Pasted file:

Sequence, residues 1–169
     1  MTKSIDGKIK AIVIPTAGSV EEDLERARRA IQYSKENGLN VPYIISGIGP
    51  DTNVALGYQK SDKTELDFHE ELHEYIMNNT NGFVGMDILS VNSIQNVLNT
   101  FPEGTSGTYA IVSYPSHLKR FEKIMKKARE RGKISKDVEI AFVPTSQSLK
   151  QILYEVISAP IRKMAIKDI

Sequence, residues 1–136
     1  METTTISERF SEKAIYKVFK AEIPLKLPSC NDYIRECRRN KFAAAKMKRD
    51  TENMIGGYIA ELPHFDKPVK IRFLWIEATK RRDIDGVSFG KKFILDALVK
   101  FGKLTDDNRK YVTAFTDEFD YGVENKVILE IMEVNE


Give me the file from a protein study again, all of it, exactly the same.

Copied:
Sequence, residues 1–169
     1  MTKSIDGKIK AIVIPTAGSV EEDLERARRA IQYSKENGLN VPYIISGIGP
    51  DTNVALGYQK SDKTELDFHE ELHEYIMNNT NGFVGMDILS VNSIQNVLNT
   101  FPEGTSGTYA IVSYPSHLKR FEKIMKKARE RGKISKDVEI AFVPTSQSLK
   151  QILYEVISAP IRKMAIKDI

Sequence, residues 1–136
     1  METTTISERF SEKAIYKVFK AEIPLKLPSC NDYIRECRRN KFAAAKMKRD
    51  TENMIGGYIA ELPHFDKPVK IRFLWIEATK RRDIDGVSFG KKFILDALVK
   101  FGKLTDDNRK YVTAFTDEFD YGVENKVILE IMEVNE